Few things irritate me like the use of the term “professional” as it relates to contemporary journalism. John Podhoretz wrote a nice little piece for the New York Post about blogging and made some interesting points. Some of his positions are argumentative, but one sentence crosses my line and reveals much.
The success of the Swift-boat vets’ ads is the tale of the triumph of the nation’s alternative media. The mainstreamers didn’t want to touch the story with a 10-foot pole, and they didn’t. But the alternative media did. Amateur reporters and fact-gatherers offered independent substantiation for some of the charges. It turned out the criticisms of the Swifties weren’t quite so easily dismissed.
By definition, a professional is a person who gets paid for their specified activity, and an amateur is somebody who doesn’t get paid. Implicit in this is the assumption that anybody who’s not getting paid has a lesser degree of skill, for after all, if they HAD the skill, they’d get paid, right? It’s incomprehensible to us, for example, that Bobby Jones didn’t “turn professional” and get paid for his great skill at the game of golf.
The term “professional” also applies to a person who is part of a profession, which is further defined as a vocation or calling — especially learned or scientific. The profession itself determines who’s qualified to be a member of the club. Sometimes it’s a license. Sometimes it’s education.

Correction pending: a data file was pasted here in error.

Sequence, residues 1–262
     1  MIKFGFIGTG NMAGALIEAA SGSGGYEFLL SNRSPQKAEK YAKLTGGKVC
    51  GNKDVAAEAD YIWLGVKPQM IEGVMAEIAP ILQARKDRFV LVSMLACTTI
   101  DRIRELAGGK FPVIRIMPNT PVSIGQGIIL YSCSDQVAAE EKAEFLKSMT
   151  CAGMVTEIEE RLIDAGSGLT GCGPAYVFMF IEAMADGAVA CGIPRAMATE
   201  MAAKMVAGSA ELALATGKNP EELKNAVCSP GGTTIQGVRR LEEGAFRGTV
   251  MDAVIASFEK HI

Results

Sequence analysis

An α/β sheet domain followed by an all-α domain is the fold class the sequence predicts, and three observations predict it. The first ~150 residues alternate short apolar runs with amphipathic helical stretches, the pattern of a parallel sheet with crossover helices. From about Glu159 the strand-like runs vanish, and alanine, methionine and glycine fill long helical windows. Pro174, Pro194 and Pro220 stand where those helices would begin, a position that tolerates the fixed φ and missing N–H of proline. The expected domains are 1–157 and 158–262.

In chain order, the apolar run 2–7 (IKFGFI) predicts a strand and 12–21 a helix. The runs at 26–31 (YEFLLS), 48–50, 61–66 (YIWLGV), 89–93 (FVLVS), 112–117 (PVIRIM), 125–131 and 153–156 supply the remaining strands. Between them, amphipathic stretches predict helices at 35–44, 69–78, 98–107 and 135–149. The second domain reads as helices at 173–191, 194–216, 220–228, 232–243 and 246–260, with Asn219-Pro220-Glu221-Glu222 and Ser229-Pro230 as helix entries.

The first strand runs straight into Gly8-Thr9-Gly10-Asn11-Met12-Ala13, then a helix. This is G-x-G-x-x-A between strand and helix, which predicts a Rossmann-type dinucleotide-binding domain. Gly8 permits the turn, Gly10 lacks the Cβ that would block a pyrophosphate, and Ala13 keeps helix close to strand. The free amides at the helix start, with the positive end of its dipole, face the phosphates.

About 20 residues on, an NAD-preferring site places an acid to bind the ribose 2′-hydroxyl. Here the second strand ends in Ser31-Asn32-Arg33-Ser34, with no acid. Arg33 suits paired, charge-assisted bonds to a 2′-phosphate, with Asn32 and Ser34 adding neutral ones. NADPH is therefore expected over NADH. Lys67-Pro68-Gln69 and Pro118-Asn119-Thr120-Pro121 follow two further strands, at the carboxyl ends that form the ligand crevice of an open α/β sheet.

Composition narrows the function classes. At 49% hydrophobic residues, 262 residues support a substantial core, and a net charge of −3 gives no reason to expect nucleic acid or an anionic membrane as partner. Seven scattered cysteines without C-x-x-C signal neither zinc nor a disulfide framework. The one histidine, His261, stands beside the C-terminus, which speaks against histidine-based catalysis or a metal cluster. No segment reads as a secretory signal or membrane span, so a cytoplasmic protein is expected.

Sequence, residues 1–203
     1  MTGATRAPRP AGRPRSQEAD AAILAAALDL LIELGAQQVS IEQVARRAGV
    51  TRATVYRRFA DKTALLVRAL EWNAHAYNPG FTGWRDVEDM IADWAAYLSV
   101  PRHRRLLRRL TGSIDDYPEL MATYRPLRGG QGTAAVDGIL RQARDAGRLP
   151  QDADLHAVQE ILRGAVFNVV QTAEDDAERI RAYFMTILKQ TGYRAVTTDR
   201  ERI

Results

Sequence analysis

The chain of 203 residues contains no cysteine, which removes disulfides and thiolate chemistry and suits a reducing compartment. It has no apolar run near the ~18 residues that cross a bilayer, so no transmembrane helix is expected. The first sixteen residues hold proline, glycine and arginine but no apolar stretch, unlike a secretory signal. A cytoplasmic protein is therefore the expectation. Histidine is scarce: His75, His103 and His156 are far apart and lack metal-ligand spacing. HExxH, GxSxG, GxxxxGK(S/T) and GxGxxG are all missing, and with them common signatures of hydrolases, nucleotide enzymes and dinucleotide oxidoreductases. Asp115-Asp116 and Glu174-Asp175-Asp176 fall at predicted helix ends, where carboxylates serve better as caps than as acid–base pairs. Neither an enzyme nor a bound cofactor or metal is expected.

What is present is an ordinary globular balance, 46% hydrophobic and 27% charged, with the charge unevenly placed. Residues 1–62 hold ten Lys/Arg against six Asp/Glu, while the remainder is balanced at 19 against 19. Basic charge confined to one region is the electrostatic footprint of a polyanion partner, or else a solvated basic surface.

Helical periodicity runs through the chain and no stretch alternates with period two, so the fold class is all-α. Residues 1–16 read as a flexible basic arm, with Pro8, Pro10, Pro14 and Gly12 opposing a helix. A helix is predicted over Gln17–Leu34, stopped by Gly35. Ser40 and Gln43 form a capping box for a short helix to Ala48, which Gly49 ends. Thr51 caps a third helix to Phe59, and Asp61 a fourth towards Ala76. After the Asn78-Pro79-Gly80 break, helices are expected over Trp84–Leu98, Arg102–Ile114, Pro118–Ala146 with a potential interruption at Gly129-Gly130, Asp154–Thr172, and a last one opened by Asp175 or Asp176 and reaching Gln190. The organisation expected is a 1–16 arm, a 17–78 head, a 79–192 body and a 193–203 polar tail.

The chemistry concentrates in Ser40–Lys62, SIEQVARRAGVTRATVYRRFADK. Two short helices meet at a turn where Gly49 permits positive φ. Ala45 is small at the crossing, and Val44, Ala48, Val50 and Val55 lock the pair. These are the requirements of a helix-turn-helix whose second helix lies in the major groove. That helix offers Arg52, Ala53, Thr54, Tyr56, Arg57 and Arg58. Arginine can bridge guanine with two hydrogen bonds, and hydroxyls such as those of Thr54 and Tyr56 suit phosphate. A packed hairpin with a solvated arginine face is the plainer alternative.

I do not believe the term should be applied to the news business, and the fact that the press considers itself a profession is at the heart of the loss of the public trust. It suggests a separateness, a pedestal from which “professionals” are given special insight into truth. But journalism is not a profession — it’s a trade. And it’s best practiced by those who live and breathe among everyday people, not those who dine at the table of power. We owe the fruit of a “professional” press to Walter Lippmann and his Creel Committee cronies, who manipulated the culture to suit their own ends. As Chris Lasch so brilliantly noted, the decline in participation in the political process in the U.S. can be directly tied to a rise in the professionalization of the press. Lippmann didn’t believe people were capable of governing themselves in any walk of life and needed an educated élite to do the job for them. Thus was born journalism’s artifical hegemony — objectivity. But I digress.
When people like Mr. Podhoretz put bloggers in the category of “amateur,” they not only do a disservice to the movement, but they reveal that they can’t possibly understand the phenomenon whatsoever. Blogging may be many things, but one thing it is not is a group of wannabe amateurs posing as the press. Unfortunately, only those with eyes to see can see this, and the mainstream press is still largely left in the dark.